Bent-Con Celebrates Gay Geekdom

by David  Perry
EDGE Media Network Contributor
Saturday Nov 30, 2013

Freaks, geeks, and the gays who love them descended upon Burbank, Calif., on Nov. 8 - 10 for the fourth annual Bent-Con comic book convention. Celebrating LGBTQ icons in the industry, both real and animated, the event is one part expo, one part networking extravaganza and the one time the LGBTQ community can as a whole joyously expose the world to its full-frontal nerdity.

While far more modest than the mammoth San Diego ComicCon, the Bent-Con, in the four years of its existence, has gone from a small event held at a bar, to commandeering the exhibition space at the Burbank Marriott and Convention Center for 48 solid hours and drawing up to 4,000 visitors.

"It's a lot like ComicCon, only gayer," says Hollywood producer and Bent-Con vice president Jody Wheeler. "A lot of brave people, when it wasn't time, when it wasn't appropriate, said, 'Now we're going to put some gay characters in here.' We celebrate that, and everybody across the board who is interested, excited, and does this kind of stuff or is fans of this kind of work."

What A Long, Strange Trip It’s Been

As literature, illustration (which includes print and animation) is/was the last to be taken seriously, giving artists more leeway to approach subjects that censor-wary movie directors and authors historically avoided. LGBTQ issues, however, is a story of incremental gains.

Cartoons first appeared in 1908, comic books in 1933, and sexuality, albeit aimed at a heterosexual audience, was present almost from the start. Clad in a form-fitting, backless-strapless flapper number, Betty Boop has been giving audiences an eyeful since 1930, a look Red Hot Riding Hood ran with in blazing Technicolor in 1943. The two characters set the standard for physically hyper-idealized and scantily/sexily clad illustrated women in comics and animation today, from Wonder Woman (introduced in 1942) to Storm (1975) to Jessica Rabbit, whose va-va-va-voom proportions have held onlookers in a visual headlock since 1988’s "Who Framed Roger Rabbit." Only since the 90s have men been so idealized, with impossibly wide shoulders, thick arms, 0 percent body fat, and muscles in permanent flexure.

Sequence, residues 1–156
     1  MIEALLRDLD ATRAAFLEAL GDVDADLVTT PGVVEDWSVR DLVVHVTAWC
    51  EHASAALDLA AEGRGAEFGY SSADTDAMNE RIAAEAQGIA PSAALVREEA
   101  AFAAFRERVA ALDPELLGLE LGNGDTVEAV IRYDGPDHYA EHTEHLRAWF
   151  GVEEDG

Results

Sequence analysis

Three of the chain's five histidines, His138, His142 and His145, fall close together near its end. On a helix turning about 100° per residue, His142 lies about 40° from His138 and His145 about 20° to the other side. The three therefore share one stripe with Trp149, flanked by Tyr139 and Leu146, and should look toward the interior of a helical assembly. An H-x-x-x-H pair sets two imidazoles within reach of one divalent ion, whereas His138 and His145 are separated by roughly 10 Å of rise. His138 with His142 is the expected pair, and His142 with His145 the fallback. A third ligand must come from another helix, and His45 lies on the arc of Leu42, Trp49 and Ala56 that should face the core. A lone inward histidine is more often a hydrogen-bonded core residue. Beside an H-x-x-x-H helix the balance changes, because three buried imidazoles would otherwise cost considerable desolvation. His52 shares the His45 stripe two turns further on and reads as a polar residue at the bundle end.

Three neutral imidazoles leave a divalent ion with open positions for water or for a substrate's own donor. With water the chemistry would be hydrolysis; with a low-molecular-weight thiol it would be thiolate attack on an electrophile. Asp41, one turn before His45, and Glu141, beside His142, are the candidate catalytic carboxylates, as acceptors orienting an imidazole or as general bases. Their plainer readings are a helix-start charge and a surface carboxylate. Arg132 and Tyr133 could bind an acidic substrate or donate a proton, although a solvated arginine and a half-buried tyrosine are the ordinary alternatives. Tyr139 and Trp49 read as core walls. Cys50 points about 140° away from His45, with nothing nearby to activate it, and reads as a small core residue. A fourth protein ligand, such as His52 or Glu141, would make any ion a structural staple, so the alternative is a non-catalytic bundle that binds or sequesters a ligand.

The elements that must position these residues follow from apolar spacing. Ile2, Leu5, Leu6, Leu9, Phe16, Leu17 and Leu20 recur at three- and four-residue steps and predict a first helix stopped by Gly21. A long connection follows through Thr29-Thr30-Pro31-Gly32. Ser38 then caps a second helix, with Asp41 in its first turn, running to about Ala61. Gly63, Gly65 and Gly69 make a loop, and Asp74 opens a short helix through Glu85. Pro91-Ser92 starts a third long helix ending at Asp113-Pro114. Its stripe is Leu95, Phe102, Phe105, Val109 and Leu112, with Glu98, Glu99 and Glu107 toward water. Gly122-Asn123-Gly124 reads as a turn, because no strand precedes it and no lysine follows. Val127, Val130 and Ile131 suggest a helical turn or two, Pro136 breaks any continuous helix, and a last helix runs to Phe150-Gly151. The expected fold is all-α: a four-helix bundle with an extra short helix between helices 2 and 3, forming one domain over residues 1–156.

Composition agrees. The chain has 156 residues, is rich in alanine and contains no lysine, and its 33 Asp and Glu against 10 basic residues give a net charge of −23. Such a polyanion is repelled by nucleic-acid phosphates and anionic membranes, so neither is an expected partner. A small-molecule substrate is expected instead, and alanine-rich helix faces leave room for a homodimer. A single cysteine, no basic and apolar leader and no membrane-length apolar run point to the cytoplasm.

While depictions of homosexuality go back to ancient Sumer the Comics Code Authority (CCA), formed partially in reaction to the fear Batman and Robin (introduced in 1939) were lovers, forbade any comic book from broaching homosexual subjects -- a ban that stayed in place until 1989. Undaunted, artists turned to underground publications and pornography for outlets; unmistakably gay characters appeared in 1968 with the explicit sexual adventures of "Captain Pissgums" and "His Pervert Pirates" in Zap Comix. Kake, the iconic character created by Tom of Finland, also conforms to a comic-book character. By the 1980s, gay characters took on major roles in daily serials outside the CCA’s authority like "Doonesbury" and "For Better or For Worse," and major publishers Marvel and DC had gays and lesbians in one-off and minor roles in defiance of the ban, though mostly as villains or victims. The "Sandman" series, begun in 1989 and largely credited for reinvigorating the entire comic book genre, was quixotic: Many lesbian characters were elevated to heroic status, while gay men were victimized, murderous, amoral, or otherwise antagonistic.